By buying an index fund, investors can approximate the average market return. But if you buy good businesses at attractive prices, your portfolio returns could exceed the average market return. Just take a look at Helical plc (LON:HLCL), which is up 43%, over three years, soundly beating the market return of 5.2% (not including dividends). On the other hand, the returns haven't been quite so good recently, with shareholders up just 29% , including dividends .
To paraphrase Benjamin Graham: Over the short term the market is a voting machine, but over the long term it's a weighing machine. One imperfect but simple way to consider how the market perception of a company has shifted is to compare the change in the earnings per share (EPS) with the share price movement.
During the three years of share price growth, Helical actually saw its earnings per share (EPS) drop 27% per year.
Thus, it seems unlikely that the market is focussed on EPS growth at the moment. Since the change in EPS doesn't seem to correlate with the change in share price, it's worth taking a look at other metrics.
Do you think that shareholders are buying for the 1.0% per annum revenue growth trend? We don't. While we don't have an obvious theory to explain the share price rise, a closer look at the data might be enlightening.
The company's revenue and earnings (over time) are depicted in the image below (click to see the exact numbers).
We know that Helical has improved its bottom line lately, but what does the future have in store? If you are thinking of buying or selling Helical stock, you should check out this free report showing analyst profit forecasts.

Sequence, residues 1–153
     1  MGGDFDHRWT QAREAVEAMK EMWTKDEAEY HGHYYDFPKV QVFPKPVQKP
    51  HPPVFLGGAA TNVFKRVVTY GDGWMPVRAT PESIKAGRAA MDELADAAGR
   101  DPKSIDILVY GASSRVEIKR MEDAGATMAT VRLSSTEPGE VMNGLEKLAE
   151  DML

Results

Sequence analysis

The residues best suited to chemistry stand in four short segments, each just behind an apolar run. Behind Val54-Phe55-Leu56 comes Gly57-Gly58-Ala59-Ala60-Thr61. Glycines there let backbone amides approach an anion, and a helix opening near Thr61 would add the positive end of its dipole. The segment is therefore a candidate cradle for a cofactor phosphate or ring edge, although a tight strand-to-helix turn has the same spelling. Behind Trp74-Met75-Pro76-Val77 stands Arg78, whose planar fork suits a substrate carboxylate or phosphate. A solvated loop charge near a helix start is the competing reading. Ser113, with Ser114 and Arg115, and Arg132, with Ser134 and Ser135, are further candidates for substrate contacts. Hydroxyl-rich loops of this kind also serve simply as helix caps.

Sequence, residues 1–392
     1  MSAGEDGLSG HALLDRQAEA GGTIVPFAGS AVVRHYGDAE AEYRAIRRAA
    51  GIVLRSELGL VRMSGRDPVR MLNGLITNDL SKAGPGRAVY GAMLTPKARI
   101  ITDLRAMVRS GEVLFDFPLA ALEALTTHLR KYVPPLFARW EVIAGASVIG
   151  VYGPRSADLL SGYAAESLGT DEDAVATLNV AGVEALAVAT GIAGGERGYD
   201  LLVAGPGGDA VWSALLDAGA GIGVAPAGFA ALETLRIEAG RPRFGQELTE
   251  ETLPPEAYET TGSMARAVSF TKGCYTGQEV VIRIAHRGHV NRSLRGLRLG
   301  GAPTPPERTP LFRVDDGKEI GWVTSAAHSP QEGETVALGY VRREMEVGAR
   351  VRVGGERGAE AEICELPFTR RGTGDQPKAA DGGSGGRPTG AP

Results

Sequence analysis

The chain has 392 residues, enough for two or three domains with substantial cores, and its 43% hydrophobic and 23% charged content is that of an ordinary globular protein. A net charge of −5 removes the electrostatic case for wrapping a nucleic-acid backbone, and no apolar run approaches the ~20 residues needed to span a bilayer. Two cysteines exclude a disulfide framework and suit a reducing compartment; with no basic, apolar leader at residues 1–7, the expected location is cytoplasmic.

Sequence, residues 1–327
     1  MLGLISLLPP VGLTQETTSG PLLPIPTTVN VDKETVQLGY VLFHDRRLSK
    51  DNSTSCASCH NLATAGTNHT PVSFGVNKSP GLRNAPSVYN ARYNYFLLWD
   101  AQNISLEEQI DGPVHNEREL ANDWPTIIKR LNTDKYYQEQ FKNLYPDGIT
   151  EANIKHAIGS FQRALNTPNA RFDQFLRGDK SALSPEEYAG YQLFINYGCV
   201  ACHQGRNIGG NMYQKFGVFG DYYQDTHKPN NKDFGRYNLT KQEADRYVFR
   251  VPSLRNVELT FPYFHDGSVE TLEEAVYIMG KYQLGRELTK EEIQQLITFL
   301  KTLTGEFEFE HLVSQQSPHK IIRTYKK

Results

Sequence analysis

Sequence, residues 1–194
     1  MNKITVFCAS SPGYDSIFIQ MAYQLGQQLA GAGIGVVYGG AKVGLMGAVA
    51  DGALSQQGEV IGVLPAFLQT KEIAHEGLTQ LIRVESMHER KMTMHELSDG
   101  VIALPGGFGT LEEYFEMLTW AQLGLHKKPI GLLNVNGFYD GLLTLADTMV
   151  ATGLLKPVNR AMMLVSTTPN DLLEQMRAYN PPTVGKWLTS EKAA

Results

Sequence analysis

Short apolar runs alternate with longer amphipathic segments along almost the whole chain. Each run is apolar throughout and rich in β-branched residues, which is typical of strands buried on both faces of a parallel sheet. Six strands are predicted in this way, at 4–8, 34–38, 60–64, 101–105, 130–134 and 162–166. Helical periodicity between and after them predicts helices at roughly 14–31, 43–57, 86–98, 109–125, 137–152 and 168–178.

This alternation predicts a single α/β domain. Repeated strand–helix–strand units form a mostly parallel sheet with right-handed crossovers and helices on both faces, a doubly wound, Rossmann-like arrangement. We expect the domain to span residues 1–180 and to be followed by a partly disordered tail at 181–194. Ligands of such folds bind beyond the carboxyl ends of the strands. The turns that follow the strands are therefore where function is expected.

What About Dividends?
It is important to consider the total shareholder return, as well as the share price return, for any given stock. The TSR incorporates the value of any spin-offs or discounted capital raisings, along with any dividends, based on the assumption that the dividends are reinvested. So for companies that pay a generous dividend, the TSR is often a lot higher than the share price return. As it happens, Helical's TSR for the last 3 years was 55%, which exceeds the share price return mentioned earlier. This is largely a result of its dividend payments!
A Different Perspective
It's good to see that Helical has rewarded shareholders with a total shareholder return of 29% in the last twelve months. Of course, that includes the dividend. Since the one-year TSR is better than the five-year TSR (the latter coming in at 4.4% per year), it would seem that the stock's performance has improved in recent times. Someone with an optimistic perspective could view the recent improvement in TSR as indicating that the business itself is getting better with time. Most investors take the time to check the data on insider transactions. You can click here to see if insiders have been buying or selling.
But note: Helical may not be the best stock to buy. So take a peek at this free list of interesting companies with past earnings growth (and further growth forecast).
Please note, the market returns quoted in this article reflect the market weighted average returns of stocks that currently trade on GB exchanges.
We aim to bring you long-term focused research analysis driven by fundamental data. Note that our analysis may not factor in the latest price-sensitive company announcements or qualitative material.
If you spot an error that warrants correction, please contact the editor at firstname.lastname@example.org. This article by Simply Wall St is general in nature. It does not constitute a recommendation to buy or sell any stock, and does not take account of your objectives, or your financial situation. Simply Wall St has no position in the stocks mentioned. Thank you for reading.